Proof of Low Expenses

In one of my recent posts at U.S. News several comments expressed doubt that the budget I posted as an example used my real expenses.  A $1000 a month budget seems difficult for some to believe even though a little internet searching would show this is quite possible. Since I post my expenses every month my regular readers know what my expenses are but for the skeptics I am posting some proof of my low expenses.

First off is my high-speed internet for $15 a month.  I got this through Link City and you can see that is their basic rate.

Next is my phone bill of $35 a month. This is the SERO plan from Sprint which includes 500 anytime minutes, unlimited nights and weekends, unlimited texts, and unlimited data for $30 a month. You can’t get this deal anymore but I am grandfathered in. There are lots of discussions about SERO, the one at Slick Deals has a lot of information on this cheap phone plan.

My rent of $360 a month seemed to be the item people were most skeptical about. It is cheap rent, even for Kansas City but it isn’t hard to find a place for less than $400 a month. Kansas City apartments for less than $400 a month.

Last I have included a copy of one of my electric bills. It is very cheap because I didn’t have to use much A/C. That just left the fridge, lights, and my laptop which don’t add up to much.
electric bill

9 thoughts on “Proof of Low Expenses”

  1. $400 rent is very do-able, my daughter’s rent is $395 in Oregon, Oh (right outside of Toledo) for the basic one bedroom, and her electricity is under $30 a month too! The apartment includes appliances, washer and dryer in complex to use for a fee, and a balcony. Added bonus free parking and complex swimming pool.

  2. I agree that the rent is doable. Before we bought our home, my husband and I shared a rental with three other roommates and we each paid $140 a month. It was a small two bedroom, but it was safe and secure. It just depends on what you’re willing to live with and how much lifestyle inflation has crept into your life.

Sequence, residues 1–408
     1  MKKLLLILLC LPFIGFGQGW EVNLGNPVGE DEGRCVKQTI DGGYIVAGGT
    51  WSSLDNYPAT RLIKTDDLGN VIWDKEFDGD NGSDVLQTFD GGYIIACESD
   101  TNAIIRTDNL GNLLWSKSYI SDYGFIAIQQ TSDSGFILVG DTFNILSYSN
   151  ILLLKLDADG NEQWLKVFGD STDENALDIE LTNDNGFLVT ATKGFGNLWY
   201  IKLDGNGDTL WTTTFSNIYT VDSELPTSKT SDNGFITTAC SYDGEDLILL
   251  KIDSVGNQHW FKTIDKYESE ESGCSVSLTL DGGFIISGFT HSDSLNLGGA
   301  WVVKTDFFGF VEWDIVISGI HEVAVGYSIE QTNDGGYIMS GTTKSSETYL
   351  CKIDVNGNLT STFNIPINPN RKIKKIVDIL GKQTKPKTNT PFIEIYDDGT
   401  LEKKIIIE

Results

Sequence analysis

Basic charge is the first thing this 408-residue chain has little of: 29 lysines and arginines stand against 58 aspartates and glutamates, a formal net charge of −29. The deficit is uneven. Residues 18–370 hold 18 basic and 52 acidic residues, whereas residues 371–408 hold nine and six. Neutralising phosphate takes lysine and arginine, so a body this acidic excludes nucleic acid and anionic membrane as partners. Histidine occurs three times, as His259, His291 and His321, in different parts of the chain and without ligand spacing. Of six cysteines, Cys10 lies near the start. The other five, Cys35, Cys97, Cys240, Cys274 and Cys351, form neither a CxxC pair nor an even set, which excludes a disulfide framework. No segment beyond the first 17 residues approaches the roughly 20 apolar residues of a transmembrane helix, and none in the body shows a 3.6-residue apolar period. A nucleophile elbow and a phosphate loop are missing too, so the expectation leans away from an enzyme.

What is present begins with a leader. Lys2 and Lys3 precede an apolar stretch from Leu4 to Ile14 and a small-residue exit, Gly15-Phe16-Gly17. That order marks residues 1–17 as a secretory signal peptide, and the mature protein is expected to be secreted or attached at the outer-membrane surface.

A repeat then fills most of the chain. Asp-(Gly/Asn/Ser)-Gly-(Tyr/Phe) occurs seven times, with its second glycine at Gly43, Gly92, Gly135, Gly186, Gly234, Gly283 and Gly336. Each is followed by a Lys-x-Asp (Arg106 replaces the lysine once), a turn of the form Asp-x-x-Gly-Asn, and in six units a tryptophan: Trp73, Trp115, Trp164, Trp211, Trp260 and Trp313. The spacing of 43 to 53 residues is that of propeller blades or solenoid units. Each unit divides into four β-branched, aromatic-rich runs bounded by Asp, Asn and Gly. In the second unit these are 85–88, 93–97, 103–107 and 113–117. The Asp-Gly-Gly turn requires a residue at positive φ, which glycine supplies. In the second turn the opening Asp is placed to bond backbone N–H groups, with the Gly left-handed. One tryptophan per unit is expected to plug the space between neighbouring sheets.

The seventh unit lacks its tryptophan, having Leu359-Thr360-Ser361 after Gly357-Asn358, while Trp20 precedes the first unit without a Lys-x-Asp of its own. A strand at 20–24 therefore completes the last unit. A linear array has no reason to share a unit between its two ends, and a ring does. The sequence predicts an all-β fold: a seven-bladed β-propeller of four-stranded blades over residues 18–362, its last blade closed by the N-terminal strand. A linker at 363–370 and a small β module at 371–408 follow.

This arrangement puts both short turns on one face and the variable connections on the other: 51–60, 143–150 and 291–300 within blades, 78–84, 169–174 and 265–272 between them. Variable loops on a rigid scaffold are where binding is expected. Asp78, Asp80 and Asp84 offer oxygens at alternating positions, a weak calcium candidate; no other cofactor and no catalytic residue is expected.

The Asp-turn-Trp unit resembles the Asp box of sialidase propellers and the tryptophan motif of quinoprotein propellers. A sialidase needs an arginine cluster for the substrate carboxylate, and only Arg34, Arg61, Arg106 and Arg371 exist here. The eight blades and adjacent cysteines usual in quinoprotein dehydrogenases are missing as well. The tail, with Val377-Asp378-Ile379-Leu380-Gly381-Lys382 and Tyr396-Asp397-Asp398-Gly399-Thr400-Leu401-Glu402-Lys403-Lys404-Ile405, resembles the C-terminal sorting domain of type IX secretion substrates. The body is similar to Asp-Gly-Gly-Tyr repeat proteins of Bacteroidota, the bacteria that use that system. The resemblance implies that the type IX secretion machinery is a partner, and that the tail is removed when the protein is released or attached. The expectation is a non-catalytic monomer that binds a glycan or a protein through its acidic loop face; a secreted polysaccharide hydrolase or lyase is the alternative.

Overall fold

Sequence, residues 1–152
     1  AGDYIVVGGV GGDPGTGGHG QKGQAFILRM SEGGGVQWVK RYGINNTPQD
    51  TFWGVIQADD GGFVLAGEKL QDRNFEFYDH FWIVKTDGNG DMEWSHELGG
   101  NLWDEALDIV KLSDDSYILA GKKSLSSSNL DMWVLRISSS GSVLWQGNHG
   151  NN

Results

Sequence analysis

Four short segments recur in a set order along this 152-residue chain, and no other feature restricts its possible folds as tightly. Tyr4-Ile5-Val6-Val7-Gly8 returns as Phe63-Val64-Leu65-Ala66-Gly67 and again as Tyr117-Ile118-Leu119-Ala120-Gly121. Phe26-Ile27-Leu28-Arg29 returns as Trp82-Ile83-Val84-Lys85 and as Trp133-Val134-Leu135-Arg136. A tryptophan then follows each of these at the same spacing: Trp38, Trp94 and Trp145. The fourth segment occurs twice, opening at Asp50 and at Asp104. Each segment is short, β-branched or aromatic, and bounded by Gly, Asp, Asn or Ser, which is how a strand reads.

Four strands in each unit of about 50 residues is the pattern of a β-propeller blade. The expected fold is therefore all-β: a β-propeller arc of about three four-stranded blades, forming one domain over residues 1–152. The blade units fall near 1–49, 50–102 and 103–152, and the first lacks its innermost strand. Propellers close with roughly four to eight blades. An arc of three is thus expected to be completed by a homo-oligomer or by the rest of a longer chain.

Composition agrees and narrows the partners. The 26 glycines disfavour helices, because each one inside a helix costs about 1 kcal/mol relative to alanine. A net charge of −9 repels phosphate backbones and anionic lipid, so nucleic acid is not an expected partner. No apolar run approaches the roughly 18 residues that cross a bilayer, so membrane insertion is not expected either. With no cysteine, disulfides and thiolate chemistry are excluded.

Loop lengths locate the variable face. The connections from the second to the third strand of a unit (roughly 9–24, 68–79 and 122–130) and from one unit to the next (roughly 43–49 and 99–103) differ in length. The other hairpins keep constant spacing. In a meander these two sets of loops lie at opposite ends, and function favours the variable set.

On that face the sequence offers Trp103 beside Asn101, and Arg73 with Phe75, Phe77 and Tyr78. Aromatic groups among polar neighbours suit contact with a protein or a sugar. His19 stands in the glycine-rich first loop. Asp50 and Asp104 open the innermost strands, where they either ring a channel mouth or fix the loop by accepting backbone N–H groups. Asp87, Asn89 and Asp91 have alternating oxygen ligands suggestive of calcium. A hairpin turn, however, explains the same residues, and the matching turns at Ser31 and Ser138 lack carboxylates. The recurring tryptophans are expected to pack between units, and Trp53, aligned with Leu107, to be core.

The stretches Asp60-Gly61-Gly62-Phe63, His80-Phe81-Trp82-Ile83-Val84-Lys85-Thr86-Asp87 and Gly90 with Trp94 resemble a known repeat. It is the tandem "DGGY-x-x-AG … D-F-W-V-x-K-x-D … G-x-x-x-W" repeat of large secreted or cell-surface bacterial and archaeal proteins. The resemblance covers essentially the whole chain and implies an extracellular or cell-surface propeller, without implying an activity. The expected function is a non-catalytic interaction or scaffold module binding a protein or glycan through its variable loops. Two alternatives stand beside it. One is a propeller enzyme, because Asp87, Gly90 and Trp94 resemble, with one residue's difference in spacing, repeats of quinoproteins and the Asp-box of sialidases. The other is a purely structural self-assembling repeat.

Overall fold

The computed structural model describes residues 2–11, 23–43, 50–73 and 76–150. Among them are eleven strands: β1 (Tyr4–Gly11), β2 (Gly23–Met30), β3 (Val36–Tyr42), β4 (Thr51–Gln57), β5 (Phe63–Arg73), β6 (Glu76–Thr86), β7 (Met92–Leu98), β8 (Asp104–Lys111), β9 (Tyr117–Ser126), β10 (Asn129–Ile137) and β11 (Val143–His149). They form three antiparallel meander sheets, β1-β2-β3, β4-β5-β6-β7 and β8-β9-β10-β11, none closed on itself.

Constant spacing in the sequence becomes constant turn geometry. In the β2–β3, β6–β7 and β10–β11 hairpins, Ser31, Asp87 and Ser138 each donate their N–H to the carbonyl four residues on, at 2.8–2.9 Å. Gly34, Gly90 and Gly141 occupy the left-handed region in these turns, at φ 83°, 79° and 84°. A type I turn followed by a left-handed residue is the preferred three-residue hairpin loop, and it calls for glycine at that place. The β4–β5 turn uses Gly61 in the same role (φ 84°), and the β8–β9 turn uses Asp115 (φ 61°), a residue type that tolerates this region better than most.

3. I don’t doubt your low expenses.
    If you can distract yourself from consumerism sufficiently, and you really sharpen your pencil, its easy to keep costs down.

    But you do seem to have some creative accounting practices.

    Do you pay for health insurance?

    • Not sure what you mean by creative accounting practices. I post my actual monthly expenses on this site every month. Now that I am getting married some of the expenses will be split unequally but I don’t think that will distort my expenses much.

      I do pay for health insurance. I have a high deductible policy that cost me $58 a month. It is ok since I don’t ever have to use it but I’m hoping that when I get a job it will include health insurance.

  4. The problem is, many people are too lazy to cook from scratch, or actively search reduced/sale/free food.

    Before we retired we stayed at Guest House in the outskirts of Sydney, Australia, while visiting relatives. Shared kitchen and bathrooms. They had a “see food” fridge. Every couple of days the owners would pick up unsold, leftover food from mall food courts.Mostly pizza, donuts, rolls. If you saw food in there, you could help yourself. Breakfast was also included in our room price, which was make your own.
    I remember once while we were sight seeing, we stopped into a grocery store. Bought a cooked chicken, salad and ate it in a parking lot. gave the rest to the pidgeons. A lot cheaper than eating at a diner.


Leave a Reply